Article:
Engineering the Pyramids
Description: hardback, dustjacket, 180 pp. (24x16cm), ills.
Condition: very good
Dick Parry, Engineering the Pyramids, Sutton Publishing 2005
In Engineering the Pyramids, author Dick Parry - a civil engineer - assesses the design of the pyramids and the likely methods of quarrying, transporting and raising the stones. Basing his ideas on both the archaeological record and the basic principles of engineering - as well as the results from a series of model and full-scale tests - Dr. Parry provides a challenging answer to this mystery of the pyramids. He suggests that ramps were used and the huge stones were transported and raised by rolling them, rather than using highly inefficient sledges beloved of Egyptologists.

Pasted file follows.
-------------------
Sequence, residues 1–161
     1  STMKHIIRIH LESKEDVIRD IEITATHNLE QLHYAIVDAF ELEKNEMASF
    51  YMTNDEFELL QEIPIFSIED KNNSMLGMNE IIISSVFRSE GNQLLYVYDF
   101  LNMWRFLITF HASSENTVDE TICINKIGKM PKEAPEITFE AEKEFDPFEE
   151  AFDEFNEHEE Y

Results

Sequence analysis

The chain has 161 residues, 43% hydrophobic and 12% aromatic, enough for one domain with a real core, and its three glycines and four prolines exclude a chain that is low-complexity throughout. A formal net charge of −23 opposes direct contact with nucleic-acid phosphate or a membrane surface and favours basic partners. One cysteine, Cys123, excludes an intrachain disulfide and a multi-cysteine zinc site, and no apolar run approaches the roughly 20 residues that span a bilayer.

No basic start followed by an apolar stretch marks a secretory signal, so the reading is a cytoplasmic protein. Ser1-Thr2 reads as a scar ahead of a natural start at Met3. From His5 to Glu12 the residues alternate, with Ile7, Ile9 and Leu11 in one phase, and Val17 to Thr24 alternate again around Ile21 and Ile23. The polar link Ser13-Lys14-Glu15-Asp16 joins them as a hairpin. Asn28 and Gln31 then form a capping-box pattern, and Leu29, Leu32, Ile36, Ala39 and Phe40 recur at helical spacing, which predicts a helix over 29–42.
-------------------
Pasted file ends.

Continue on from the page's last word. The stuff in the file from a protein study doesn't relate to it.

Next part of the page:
Engineering the Pyramids provides a rich and accessible account of the design history of the pyramids, the techniques and organisation needed to bring about these heroic feats of effort and engineering and fascinating insights into the reasons behind the pyramid design.
Dr R.H.G. Parry is an emeritus fellow of Pembroke College, Cambridge, where he was involved in research and teaching in civil engineering. He was General Secretary of the International Society for soil mechanics and Geotechnical Engineering from 1891 to 1999 and has a special interest in the history of civil engineering, on which he lectures worldwide.
Origins and Purpose
Evolution in Pyramid Design
The Tomb Chambers
Basic Aids to Construction
Construction Preliminaries and Operations
Stone Sources and Quarrying
Herodotus on Pyramid Construction
Levers, Rockers and Cranes
Appendix: Sliding and Rolling:
Some Simple Mechanics